Summary: Based on Moses’ desperate cry in Exodus 33 and 34, this sermon seeks to encourage people to seek God and not just religion.
Show Me Your Glory: Exodus 33-34
Associate Pastor Jeff Williams
When I was younger, I was invited to attend a birthday dinner for a friend at Ducks. Ducks was a five-star restaurant at the Peabody Hotel in Memphis. It was very expensive and quite glamorous. We had the table overlooking the lobby and were able to see the world famous Peabody ducks march out of the elevator and into the fountain. I looked over the menu, tried to keep from choking at the prices, and chose the “blackened squab.” I found out later that squab in a type of pigeon. We were treated like royalty as we waited for our food. When the plates came each of us just stared at our fare. My squab must have been pretty scrawny because it was no bigger than a hockey puck! The plate was bare except for a broccoli spear and something that looked like a twig. I ate my dinner in two bites, which came to about $19.00 a chew, and decided that blackened squab was pretty good. The only problem was – I was still hungry! Everyone else finished their meals and we were all in agreement – time to head to Wendy’s!
The meal was fancy, it was some of the best this world had to offer, but it just did not satisfy. Instead of satiating my hunger, it made me salivate for a Spicy chicken sandwich and some French fries. It left me wanting more.
Although I just described an experience I had with food, this could also be a picture of our current spiritual lives. It’s so easy for us to just nibble around the edges of our faith and come away with an empty feeling. Eating at the world’s table, we often gorge ourselves, and we still wonder if there is something that really satisfies. In the quiet of our soul we want to scream, “We want more! We want more than just existing! We want more than dead doctrine and lifeless liturgies! We want more than just playing church! We want more than just learning more about God! We want to KNOW God. We want to experience Him. God, show us your glory!”
This morning we are going to meet a man who actually had the gall to pray that prayer. If Moses had a motto it would have been “I want more!” He was not satisfied with the status quo of his faith. He sought God, he hungered for God, and he talked to God “face to face.” There is much we can learn from Moses the “God Chaser” as one author calls him. Let’s begin by doing a quick review.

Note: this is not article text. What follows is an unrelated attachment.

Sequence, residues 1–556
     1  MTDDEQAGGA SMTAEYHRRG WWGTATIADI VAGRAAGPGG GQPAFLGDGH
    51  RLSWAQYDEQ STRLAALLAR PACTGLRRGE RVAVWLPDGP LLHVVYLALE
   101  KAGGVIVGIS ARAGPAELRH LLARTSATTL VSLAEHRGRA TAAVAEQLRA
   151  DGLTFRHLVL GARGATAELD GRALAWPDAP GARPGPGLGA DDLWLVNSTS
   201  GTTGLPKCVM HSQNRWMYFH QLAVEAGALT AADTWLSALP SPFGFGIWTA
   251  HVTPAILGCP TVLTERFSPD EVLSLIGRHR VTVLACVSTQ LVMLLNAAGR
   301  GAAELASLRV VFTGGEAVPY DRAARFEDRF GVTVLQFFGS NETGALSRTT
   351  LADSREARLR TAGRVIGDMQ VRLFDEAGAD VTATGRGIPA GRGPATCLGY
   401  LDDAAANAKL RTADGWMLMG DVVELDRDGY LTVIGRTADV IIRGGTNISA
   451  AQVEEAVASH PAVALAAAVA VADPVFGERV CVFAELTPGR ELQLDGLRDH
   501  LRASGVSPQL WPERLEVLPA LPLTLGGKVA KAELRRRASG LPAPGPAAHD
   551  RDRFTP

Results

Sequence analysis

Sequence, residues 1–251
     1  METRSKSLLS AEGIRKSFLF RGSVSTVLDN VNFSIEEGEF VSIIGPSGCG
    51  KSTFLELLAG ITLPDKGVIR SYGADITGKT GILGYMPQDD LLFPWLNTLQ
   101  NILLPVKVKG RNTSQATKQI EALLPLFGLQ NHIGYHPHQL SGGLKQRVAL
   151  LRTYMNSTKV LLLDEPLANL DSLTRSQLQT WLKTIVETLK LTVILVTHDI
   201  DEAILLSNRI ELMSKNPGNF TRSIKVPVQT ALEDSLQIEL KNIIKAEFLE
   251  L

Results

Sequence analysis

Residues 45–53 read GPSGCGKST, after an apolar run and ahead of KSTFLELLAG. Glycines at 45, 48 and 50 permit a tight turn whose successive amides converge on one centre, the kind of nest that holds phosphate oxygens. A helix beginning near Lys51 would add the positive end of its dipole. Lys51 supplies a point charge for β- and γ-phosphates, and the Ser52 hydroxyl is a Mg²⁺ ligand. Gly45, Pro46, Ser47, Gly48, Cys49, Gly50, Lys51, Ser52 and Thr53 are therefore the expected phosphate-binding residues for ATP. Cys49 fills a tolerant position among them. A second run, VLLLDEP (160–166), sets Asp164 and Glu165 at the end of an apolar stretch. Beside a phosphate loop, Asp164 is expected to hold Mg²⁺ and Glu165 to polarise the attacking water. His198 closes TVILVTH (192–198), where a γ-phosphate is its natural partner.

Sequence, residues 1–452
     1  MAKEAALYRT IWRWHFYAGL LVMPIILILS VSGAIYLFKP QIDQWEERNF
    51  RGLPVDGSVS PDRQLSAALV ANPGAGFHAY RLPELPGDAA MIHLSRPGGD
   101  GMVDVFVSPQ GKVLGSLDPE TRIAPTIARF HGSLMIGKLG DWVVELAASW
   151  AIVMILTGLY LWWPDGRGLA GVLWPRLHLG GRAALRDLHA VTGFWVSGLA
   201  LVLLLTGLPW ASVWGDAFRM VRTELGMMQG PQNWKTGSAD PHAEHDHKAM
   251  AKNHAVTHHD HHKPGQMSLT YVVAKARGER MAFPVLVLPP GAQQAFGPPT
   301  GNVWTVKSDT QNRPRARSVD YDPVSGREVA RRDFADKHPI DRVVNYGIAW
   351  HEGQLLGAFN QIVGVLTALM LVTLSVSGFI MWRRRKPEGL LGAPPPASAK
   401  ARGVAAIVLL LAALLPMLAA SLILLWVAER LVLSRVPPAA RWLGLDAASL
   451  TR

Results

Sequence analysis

A burning bush and a reluctant leader
Last week Pastor Geoff Pfeil pointed us back to Exodus 3 and the encounter Moses had with a talking, fired up bush. In this experience, Moses is invited into God’s Presence. Moses “turns aside” from his flock and his fear to listen to the God who calls Himself “I am who I am.” The eighty year old barefoot shepherd stood trembling on holy ground as God commissioned him to be the deliverer of the people of Israel. Moses has a thousand excuses why he was not the right man for the job, but God dismisses each of them. Moses the murderer would become Moses the mediator. Moses reluctantly agreed and, with his brother Aaron as his spokesperson, headed back to Egypt for a showdown with his adopted father, the Pharaoh.
Moses stood before the most powerful person in the world and said, “Let my people go!” Pharaoh refused and experienced the wrath of God in a series of ten plagues, culminating in the death of each Egyptian first born son. A grieving Pharaoh relented and told Moses to take the Israelites and get as far away from them as possible. Moses led the people to the edge of the Red Sea and God divided the waters and a couple of million people hiked across to safety. When Pharaoh changed his mind and sent troops after them, they forget their life-jackets and were drowned when God puts the water back in its place. I would high recommend that you read Exodus 10-14 to get the full force of God’s power and provision for Moses and the people of Israel.
A Wandering, Wayward People
Rescued from the hand of their oppressors, the nation of Israel began their slow trek toward the Promise Land. They saw God do amazing miracles as He provided food and water in the middle of the barren dessert. Even with such Divine interventions, the people whined as much as they wandered. They even went so far as to wish they were back in Egypt where “they sat by pots of meat and ate bread to the full.” (Ex 16:3) Moses grew tired of mutinous threats and watching the people so quickly complain against God. Moses met with God on the mountain and listened as God gave the Ten Commandments, the laws to govern daily life, and the blueprints for the sanctuary.